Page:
I was born in Istanbul, Turkey, and soon after my family moved to Genoa, Italy where I spent my early school years. Being raised in Europe gave me the opportunity to be exposed to many different languages. Ever since, I have been fascinated by them. I hear languages as music, each flowing with its own rhythm, speaking them is like experiencing different, delicious flavors! One of the areas of Oriental dance that I have enjoyed pursuing in the last couple of years is the Arabic language. My strongest motivation to unlock the secrets of the Arabic tongue is to understand the words to the beautiful songs I so enjoy dancing to. I derive great pleasure from being able to pick out words, and piece together the meaning of a song, and even sing along (a little). Also, if you ever plan to take a dance tour to Egypt, even a rudimentary knowledge of Arabic can be very useful. People in the Middle East are greatly appreciative of Westerners who make an effort to speak their language.
Although I have not been a “serious” student of Arabic, by usinglanguage tapes in my car, and getting books from the library, I have managed to get a reasonable grasp of Arabic, and a lot of enjoyment for my efforts. Any of you who have not had the privilege of being exposed to other languages might feel intimidated by the thought of delving into Arabic, but the payback is worth it. Spending as little as 15 minutes a day, working with language tapes and written material is enough to build a foundation of common words and expressions. Bookstores and the public library are great resources for learning material.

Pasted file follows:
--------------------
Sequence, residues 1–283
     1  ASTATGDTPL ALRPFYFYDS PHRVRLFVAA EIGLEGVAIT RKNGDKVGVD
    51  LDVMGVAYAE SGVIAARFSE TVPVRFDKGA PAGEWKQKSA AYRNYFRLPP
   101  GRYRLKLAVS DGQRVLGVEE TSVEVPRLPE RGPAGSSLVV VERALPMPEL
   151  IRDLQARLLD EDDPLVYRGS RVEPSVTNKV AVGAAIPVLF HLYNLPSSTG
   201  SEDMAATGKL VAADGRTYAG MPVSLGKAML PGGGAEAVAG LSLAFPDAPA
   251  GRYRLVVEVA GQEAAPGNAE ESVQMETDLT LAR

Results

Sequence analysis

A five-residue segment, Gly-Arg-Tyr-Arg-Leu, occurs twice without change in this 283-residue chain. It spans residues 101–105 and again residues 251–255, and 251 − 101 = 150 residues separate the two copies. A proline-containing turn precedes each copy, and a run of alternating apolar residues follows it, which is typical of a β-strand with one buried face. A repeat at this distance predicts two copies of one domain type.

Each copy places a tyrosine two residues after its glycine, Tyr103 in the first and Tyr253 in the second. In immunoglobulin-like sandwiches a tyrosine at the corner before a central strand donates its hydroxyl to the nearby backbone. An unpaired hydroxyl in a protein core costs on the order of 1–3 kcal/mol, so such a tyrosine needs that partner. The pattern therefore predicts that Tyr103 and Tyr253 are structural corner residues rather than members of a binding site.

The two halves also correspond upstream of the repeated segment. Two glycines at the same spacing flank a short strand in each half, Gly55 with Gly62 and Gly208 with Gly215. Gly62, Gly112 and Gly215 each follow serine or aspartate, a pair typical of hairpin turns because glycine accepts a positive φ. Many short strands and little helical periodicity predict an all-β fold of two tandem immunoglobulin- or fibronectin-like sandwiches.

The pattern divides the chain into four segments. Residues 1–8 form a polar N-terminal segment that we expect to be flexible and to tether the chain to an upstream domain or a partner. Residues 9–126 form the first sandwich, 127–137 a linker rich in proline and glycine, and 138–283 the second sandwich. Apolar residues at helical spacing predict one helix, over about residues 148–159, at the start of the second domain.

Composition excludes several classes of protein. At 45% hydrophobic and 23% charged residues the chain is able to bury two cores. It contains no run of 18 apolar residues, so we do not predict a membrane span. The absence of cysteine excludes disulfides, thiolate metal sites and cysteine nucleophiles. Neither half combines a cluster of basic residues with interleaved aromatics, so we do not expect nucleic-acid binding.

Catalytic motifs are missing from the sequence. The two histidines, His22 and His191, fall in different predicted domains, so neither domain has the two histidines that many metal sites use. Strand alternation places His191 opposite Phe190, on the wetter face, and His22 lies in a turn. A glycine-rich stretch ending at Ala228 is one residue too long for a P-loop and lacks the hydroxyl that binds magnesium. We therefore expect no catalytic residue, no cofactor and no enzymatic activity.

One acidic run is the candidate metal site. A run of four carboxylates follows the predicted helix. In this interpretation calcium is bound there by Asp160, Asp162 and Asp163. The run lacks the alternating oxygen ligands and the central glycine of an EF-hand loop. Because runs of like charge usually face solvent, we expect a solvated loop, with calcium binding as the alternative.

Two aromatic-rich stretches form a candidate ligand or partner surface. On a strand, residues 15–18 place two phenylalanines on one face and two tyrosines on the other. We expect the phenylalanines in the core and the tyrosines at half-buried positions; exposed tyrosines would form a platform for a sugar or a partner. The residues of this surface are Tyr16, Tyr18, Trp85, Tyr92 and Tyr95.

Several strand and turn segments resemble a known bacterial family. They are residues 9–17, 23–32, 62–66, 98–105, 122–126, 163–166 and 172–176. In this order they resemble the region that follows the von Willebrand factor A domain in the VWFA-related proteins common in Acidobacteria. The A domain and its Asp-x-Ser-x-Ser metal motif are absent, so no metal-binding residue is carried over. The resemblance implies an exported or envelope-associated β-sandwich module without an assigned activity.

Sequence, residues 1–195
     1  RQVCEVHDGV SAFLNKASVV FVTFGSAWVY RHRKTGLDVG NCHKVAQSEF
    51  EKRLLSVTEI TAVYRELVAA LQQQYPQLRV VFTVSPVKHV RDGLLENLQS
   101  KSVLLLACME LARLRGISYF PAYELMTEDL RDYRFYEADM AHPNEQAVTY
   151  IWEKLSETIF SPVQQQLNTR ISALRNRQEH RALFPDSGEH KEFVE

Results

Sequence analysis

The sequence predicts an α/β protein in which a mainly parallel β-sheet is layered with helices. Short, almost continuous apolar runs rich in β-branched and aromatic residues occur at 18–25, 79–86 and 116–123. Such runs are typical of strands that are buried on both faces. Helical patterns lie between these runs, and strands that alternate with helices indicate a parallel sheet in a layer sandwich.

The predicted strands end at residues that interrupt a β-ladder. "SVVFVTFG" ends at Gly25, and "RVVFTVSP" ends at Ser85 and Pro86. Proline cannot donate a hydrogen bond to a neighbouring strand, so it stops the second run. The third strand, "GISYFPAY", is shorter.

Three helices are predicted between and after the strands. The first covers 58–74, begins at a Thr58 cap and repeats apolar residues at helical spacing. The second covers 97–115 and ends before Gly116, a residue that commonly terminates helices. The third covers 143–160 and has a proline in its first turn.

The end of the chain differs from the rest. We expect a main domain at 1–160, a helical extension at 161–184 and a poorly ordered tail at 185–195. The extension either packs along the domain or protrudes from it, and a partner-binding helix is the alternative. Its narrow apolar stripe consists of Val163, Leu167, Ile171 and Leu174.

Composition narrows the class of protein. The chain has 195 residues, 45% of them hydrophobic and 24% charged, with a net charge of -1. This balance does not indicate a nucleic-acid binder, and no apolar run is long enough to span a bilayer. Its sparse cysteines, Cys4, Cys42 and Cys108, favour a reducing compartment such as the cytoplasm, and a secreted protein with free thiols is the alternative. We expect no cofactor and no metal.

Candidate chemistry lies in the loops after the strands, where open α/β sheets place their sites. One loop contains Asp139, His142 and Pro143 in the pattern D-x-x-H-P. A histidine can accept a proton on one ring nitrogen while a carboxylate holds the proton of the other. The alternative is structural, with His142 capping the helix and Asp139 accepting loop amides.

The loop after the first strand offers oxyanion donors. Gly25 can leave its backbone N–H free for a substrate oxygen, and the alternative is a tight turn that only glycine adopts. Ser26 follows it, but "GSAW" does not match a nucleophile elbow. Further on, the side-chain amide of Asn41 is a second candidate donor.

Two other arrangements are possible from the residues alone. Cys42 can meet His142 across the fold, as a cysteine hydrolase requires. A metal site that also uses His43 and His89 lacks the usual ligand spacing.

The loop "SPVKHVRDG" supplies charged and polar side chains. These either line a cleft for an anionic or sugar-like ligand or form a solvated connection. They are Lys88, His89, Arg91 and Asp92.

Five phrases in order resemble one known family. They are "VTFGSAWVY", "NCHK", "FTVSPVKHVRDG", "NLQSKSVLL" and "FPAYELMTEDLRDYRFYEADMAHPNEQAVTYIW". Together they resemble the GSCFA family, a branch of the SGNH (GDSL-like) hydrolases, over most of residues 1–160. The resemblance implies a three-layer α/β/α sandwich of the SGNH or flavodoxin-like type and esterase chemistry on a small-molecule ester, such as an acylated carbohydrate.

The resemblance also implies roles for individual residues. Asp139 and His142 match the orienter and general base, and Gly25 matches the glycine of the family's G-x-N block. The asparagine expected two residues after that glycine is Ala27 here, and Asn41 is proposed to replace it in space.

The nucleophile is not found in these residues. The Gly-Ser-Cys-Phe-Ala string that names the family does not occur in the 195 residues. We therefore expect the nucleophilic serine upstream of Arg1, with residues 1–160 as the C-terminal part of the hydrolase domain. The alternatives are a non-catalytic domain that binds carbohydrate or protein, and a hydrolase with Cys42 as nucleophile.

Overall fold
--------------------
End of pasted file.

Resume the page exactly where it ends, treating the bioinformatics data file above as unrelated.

Egyptian Arabic is arguably the most practical dialect to learn for a number of reasons: geographically and historically Egypt lies at the heart of the Arab world. Its population (49 million) by far exceeds that of any other Arab country. Practically everyone in the Arab world is exposed, directly or indirectly, to Egyptian Arabic. Films, cassettes of popular songs and television soap operas are exported on a massive scale to other Arab countries. It is generally held to be the most prestigious spoken variety and whichever country you visit you will find people can understand and adapt to Egyptian Arabic.
In Arab countries, courtesy and sociability are highly valued, and this is reflected in the language. It abounds in polite expressions, appropriate to particular situations and any foreigner making the effort to speak Arabic will be welcomed with added warmth and hospitality. Greetings in Arabic are important culturally, and several elaborate variations may be used. Mastering a variety of greeting exchanges is important to establish yourself as “well-mannered”. The use of these and other types of speech exchanges which have been developed for different situations is much more important in the Arab world than in America.
Here is a little about the language and dialects followed by a song that was translated for me by an Arabic friend: Arabic is the language of over 180 million people who inhabit a vast area extending throughout North Africa and the Middle East. The language originated in the Arabian Peninsula and spread North and west with the rise of Islam.
There are basically two kinds of Arabic: literary and spoken. Literary Arabic is used as the written medium throughout the Arab world, and is spoken on the more formal occasions -in speeches, sermons, news broadcasts and so on. But for all everyday purposes -at home, in shops and offices -colloquial Arabic is used. The area of the Arab world is so vast (three times larger than the whole of Europe, from Finland to Spain and from Ireland to Greece) that, not surprisingly, the language varies from country to country.